It may be time to start shorting oil again.
Memorial Day Weekend, which was closely watched by economists for signs of reopening "green shoots" and an acceleration in the US recovery, ended up being a huge dud. Because while beaches were mostly open and states across the country emerged from lockdowns, Bloomberg notes that demand for gasoline ended up falling over the Memorial Day holiday weekend, not only compared to a year prior but also to last week!
While gasoline consumption was expected to jump to reflect the "pent up" traveling, gasoline demand actually fell 1.34% from Thursday to Monday of the holiday weekend compared to the week prior, Patrick DeHaan, an analyst at GasBuddy, said in a tweet Tuesday. Worse, consumption on Monday fell 0.5% from the week prior, and was a whopping 25% to 35% lower compared with the long weekend a year earlier.
In short, if this is a sign of what to expect from gasoline consumption over the summer, it will be a very painful time for refiners and oil producers.
BREAKING: GasBuddy gasoline demand data shows Monday gasoline demand -0.5% from the Monday prior. Thur-Mon demand is now -1.34% from same period a week ago. #gasoline #oil #OOTT pic.twitter.com/P2z9LoYRRy— Patrick De Haan ⛽️📊 (@GasBuddyGuy) May 26, 2020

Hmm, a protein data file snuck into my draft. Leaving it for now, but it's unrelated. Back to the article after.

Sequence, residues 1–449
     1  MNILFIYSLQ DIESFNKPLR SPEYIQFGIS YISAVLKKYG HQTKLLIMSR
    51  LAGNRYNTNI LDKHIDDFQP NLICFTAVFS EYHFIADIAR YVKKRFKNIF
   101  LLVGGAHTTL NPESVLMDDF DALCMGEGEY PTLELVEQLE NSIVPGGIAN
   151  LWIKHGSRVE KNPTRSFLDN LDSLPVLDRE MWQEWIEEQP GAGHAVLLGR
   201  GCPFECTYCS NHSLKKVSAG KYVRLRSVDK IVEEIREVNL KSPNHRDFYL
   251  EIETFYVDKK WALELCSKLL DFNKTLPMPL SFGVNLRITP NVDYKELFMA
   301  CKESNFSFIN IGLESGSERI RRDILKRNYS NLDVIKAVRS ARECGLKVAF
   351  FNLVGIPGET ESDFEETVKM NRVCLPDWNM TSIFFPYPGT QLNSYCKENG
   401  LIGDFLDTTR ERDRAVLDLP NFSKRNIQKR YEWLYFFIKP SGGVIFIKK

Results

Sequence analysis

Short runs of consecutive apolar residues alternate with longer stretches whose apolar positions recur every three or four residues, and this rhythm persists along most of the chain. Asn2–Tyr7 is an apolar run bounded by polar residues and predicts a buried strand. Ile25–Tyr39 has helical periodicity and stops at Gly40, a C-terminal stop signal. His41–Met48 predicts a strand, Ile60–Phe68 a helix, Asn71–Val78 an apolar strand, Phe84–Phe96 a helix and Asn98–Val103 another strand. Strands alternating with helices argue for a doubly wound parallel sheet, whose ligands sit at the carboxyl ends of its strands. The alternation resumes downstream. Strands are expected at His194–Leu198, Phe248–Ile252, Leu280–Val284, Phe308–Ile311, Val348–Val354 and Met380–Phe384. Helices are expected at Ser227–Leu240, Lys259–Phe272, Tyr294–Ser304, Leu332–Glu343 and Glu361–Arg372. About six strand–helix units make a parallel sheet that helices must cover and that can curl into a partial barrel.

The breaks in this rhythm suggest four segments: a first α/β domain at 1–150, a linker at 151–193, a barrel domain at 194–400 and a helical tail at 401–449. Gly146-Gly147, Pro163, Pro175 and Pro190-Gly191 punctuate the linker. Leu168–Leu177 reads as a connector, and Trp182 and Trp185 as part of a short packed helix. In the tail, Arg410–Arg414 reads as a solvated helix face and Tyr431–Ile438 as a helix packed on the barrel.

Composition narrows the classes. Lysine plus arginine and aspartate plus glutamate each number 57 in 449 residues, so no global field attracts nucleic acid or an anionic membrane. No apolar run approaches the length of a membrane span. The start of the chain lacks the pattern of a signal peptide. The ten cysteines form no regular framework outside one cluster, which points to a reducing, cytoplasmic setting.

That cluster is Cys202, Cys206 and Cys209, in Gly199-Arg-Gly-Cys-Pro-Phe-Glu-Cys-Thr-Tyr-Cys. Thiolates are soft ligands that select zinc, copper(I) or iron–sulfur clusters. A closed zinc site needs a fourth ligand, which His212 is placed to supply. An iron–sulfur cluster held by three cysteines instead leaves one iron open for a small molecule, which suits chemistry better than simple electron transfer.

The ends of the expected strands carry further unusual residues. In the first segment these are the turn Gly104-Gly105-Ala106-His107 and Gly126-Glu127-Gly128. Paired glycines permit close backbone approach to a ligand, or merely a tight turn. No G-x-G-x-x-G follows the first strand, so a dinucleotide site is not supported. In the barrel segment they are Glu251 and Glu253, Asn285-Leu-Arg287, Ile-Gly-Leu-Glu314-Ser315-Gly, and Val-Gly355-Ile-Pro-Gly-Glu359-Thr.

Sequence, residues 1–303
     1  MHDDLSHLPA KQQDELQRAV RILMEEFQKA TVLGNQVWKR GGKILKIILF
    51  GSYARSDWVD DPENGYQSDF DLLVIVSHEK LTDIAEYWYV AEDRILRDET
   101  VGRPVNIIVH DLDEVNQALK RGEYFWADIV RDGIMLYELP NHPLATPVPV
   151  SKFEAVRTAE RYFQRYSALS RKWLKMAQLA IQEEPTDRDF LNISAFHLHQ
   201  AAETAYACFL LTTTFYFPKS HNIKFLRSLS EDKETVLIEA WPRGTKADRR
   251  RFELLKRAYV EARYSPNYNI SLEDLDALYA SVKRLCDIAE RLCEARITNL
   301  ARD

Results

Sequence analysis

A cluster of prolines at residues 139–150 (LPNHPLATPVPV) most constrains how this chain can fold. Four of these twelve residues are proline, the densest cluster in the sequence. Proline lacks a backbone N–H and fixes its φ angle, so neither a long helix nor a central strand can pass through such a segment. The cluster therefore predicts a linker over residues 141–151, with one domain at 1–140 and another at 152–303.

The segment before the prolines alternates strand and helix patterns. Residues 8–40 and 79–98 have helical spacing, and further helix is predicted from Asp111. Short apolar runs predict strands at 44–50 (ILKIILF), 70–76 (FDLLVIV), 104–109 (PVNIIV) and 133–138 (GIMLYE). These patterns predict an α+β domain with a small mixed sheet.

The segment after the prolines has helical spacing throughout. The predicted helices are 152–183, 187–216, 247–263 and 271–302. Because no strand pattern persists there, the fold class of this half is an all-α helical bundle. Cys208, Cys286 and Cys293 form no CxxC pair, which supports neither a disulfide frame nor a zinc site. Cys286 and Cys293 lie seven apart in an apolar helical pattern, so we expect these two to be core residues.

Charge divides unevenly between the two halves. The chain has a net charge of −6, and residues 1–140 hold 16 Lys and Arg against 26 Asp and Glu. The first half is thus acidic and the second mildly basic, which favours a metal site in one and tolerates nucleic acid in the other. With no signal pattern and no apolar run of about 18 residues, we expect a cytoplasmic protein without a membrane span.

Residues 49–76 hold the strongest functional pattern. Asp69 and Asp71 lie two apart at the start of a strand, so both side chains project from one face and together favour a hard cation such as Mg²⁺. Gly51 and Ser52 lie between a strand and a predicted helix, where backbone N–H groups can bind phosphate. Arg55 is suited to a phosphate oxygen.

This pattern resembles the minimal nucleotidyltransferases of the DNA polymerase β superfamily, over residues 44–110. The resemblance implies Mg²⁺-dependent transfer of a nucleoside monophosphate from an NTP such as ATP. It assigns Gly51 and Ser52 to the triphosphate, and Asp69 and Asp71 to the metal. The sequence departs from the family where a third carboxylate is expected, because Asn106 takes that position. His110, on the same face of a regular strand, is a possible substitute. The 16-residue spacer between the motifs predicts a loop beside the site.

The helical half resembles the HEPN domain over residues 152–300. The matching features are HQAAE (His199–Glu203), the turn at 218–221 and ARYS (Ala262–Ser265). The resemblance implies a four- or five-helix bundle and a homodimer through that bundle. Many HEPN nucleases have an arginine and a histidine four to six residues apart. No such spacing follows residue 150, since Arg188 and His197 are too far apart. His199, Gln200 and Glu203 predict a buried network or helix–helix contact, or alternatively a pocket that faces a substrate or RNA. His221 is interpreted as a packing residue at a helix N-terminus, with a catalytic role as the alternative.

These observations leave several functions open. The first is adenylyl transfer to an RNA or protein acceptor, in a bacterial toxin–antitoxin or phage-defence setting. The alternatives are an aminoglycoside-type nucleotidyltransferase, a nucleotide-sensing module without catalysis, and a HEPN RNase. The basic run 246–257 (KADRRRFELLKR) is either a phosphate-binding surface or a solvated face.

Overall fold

According to Andy Lipow, president of Lipow Oil Associates LLC in Houston, that may have been because people kept their driving local, when in previous years they had traveled farther. But whatever the reason for the tentative unofficial start to the summer, the lackluster start to what is typically considered the season for peak American fuel demand shows how vulnerable the oil market remains as the fallout from the coronavirus crisis haunts economies according to Bloomberg.
Meanwhile crude prices have surged 80% in May, after a historic collapse below zero in April, on supply cuts by major producers as well as optimism that consumption is recovering as lockdowns ease. That optimism may have been very much premature.
"The public stayed closer to home and consumed less gasoline because they were going to recreational venues nearby rather than traveling long distances around the country," Lipow said.
And while the demand may not be there, gasoline prices remain on the rise with the national average price rising for four consecutive weeks and gaining 5.5 cents over the last week to $1.96 a gallon, according to GasBuddy.
“Average gasoline prices across the U.S. continue to recover as more motorists take back to the roads as states relax previous shelter-in-place orders and begin filling their tanks, driving demand to continue rising,” DeHaan said in a report.
More motorists may be taking to the roads, but is "more" enough to offset the production surplus that remains in the system? For the answer keep an eye on oil prices, which may resume their slump unless there are far more concrete signs that demand is set to rise substantially from here.